Category Archives: Flickr is becoming more and more appropriately named

Lately I’ve been working on a plan for stepping up my creative activities, which includes making some adjustments to my online presence.  I’ll spare you the tedious details, and only mention that one step of the plan involved creating a new Yahoo Mail account that I could associate with an already existing Flickr account.

Well, my plan has been foiled, thanks to a new and very stupid Yahoo account creation policy:  It turns out that, as of recently, Yahoo will no  longer allow someone to set up a mail account without providing a mobile phone number.  I don’t have one of those damned things, nor do I want one.  Even if I could get one and keep it running for a reasonable price, having it would make it easier for people to bother me, which I don’t want.  And (seriously people) – text messages??!?!  No way.

I may be able to work around this problem some other way, involving using an existing, unused Yahoo Mail account instead of creating a new one.  That is assuming there is no further demand for cell phone information when I set up the association with the already-existing Flickr account—an assumption which, as of today, I no longer consider safe.

An additional, worrisome question is whether Yahoo plans to extend their Nazi-esque mobile phone policy to existing users in general.  As of today, they have not done that—I just successfully logged out of my primary Yahoo Mail account and then logged back in.  They do pester with the “what’s your mobile phone number” thing at every single login now, though.  If they make that mandatory, I’d be faced with the very unwelcome choice of abandoning my old accounts entirely, or shelling out the damn money to buy one of these goddamned phones.  (I notice WordPress is getting pretty pushy about mobile phone authentication as well, although I don’t believe they require a number just to create an account.)

It actually makes me wonder if Yahoo! is getting a kickback from the phone companies to do this.  It wouldn’t be at all surprising, would it?  I can certainly believe that the large phone companies, all of whom are scum, would stoop to this sort of strategy.

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Filed under annoyances, brainstorming, doom and gloom, Flickr

Dry spell

Winter is now underway in earnest, and I’ve been in the midst of some photography blahs lately. The problem started when there wasn’t a single sunny day in the entire month of December, except for days when I was at work and couldn’t go outside. All others were cloudy, without exception. With sunrise being so late and sunset happening well before I get out of work, this was a pretty discouraging state of affairs. Even taking four days off around the Christmas holiday didn’t help—not one of them was sunny. Of course I took a stab at getting out with the camera anyway, on days when the roads weren’t clogged up with new snowfall, but I wasn’t exceptionally happy with the results.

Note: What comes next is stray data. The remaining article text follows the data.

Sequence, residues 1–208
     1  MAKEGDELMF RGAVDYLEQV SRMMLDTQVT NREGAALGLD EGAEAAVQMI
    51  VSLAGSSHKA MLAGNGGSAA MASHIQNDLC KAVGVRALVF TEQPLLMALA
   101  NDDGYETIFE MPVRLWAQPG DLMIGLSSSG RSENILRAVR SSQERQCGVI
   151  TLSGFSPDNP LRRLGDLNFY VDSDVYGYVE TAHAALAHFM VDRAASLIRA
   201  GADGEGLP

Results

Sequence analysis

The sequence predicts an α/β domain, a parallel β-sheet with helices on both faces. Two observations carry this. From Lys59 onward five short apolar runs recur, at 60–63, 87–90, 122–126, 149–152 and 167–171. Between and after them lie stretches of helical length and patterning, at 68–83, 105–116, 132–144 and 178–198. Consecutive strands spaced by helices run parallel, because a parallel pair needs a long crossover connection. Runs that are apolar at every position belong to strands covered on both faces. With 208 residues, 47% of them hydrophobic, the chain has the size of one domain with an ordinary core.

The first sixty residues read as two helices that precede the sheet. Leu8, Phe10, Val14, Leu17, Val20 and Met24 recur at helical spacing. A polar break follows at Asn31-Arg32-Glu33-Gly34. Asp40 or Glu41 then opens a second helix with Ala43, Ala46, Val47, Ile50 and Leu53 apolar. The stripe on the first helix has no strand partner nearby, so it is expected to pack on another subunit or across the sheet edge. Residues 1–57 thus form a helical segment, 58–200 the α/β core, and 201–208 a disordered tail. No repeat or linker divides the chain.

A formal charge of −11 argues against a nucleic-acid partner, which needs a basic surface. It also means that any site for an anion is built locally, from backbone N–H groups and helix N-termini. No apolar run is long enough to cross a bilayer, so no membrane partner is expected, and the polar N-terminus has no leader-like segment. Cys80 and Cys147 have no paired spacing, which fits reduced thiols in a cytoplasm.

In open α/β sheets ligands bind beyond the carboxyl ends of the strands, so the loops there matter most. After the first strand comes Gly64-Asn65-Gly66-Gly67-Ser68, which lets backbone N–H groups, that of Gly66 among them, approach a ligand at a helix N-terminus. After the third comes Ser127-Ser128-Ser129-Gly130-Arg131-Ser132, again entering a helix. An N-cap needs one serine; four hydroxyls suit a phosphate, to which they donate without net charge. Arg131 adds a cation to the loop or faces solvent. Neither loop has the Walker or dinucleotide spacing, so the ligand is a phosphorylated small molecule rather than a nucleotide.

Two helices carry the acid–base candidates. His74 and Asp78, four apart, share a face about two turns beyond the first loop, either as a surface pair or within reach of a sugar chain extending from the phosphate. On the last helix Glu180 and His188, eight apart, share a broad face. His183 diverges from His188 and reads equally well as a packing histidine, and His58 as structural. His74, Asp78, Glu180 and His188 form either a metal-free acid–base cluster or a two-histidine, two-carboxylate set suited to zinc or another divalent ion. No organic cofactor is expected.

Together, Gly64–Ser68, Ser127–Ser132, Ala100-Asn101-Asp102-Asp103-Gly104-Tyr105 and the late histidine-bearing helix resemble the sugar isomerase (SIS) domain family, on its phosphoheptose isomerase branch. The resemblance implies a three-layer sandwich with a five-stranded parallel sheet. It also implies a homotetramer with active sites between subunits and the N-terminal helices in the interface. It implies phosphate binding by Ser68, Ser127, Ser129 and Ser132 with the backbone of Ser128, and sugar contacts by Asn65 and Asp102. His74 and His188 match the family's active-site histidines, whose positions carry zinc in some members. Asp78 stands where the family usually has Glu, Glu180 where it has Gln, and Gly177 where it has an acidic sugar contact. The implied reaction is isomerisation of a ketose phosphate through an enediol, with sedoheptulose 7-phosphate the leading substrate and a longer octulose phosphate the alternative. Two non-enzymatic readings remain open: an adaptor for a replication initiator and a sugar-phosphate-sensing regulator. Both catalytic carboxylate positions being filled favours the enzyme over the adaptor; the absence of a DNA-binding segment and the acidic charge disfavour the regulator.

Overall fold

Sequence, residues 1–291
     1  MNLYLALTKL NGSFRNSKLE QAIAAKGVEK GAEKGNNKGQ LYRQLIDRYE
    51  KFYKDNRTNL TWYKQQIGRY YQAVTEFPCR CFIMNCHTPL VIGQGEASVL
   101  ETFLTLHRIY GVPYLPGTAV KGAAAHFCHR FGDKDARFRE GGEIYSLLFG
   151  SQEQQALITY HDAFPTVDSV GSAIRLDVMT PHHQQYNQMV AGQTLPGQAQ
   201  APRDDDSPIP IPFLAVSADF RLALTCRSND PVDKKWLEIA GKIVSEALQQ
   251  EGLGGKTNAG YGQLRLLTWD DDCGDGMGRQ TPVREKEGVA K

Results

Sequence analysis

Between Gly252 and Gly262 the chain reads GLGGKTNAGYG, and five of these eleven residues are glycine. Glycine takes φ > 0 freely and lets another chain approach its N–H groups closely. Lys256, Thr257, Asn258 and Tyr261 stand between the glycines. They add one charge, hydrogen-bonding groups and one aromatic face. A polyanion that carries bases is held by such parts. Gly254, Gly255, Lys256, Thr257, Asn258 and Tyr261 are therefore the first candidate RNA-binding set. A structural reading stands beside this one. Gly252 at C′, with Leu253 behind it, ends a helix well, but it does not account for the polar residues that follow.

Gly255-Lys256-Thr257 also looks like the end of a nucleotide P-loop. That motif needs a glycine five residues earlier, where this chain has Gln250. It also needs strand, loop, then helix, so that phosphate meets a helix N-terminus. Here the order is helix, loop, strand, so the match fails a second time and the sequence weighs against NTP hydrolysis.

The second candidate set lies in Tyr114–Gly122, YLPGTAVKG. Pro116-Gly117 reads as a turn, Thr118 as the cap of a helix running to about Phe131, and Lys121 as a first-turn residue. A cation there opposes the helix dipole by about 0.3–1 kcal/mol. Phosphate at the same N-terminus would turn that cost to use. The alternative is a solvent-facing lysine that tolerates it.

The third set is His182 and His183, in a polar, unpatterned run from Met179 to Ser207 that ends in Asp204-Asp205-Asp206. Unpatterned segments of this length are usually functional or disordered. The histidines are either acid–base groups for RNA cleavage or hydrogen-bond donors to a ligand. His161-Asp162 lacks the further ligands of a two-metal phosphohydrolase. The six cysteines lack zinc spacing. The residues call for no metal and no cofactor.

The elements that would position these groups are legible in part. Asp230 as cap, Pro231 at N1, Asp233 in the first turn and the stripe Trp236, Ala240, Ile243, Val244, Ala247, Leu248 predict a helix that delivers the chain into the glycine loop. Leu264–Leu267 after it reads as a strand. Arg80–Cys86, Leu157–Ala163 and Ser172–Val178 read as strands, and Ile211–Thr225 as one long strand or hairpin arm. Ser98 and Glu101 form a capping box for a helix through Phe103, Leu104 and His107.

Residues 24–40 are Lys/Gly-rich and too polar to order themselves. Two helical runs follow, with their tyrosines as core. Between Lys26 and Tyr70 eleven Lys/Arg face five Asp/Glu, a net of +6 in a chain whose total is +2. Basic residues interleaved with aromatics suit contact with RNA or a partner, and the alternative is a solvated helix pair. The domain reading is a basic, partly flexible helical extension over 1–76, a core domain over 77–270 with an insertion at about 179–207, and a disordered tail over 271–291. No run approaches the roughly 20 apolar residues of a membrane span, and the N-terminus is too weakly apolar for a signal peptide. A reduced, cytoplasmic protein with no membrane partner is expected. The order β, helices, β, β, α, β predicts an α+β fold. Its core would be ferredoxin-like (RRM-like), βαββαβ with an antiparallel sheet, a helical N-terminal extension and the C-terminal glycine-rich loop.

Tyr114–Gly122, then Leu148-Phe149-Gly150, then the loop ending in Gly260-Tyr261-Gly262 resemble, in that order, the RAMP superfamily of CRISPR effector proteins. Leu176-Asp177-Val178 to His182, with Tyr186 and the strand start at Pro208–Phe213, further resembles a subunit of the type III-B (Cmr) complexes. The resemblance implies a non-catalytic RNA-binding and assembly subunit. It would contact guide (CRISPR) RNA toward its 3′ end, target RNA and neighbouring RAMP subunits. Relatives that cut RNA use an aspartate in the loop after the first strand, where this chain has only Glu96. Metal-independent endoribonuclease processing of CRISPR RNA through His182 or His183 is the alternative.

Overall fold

Now that we are into January, the weather pattern has flipped and sunny days are much more common. As is typical, though, this means colder weather. Due to some car issues this year, I’m a little nervous about getting out into the middle of nowhere and leaving my car parked when it’s so cold out. A couple weeks ago it wouldn’t start due to an electrical problem. That issue has apparently been fixed now, but since then there have been some random instances of the blower shutting off briefly, or even refusing to start. Obviously I can drive the car without the blower, but it’s not pleasant when the heating system isn’t fully functional in the dead of winter. (And not being able to defog the windows in the morning is a real pain in the ass.)

I’m also getting discouraged about my new Flickr account. I had wanted to have all my old pics reposted over a month ago already, but I’m still dragging my feet. In fact, I haven’t made any progress in a while, except for deciding that there are definitely going to be some photos which will be skipped this time around. I’ve also realized it was a mistake to delete my old Flickr stream. Aside from casting off a lot of useless group subscriptions, I don’t think I’ve benefited from the switch in the least.

The final problem is more simple: I’m just not feeling all that inspired right now.

So for now, I’m amusing myself by trying different themes for this blog. I also want to take a look at the categories, because they seem like they could use some updating. There are also a bunch of draft posts that I should either finish or delete. Probably the tagging needs to be reviewed too. (Actually I hate tagging, but it is useful enough that I keep trying, as frustrating and imperfect as it is.) That’s also the main reason for this post—just to get myself doing something here, so I don’t let it slide completely, like I’ve pretty much done with my old Blogger blogs.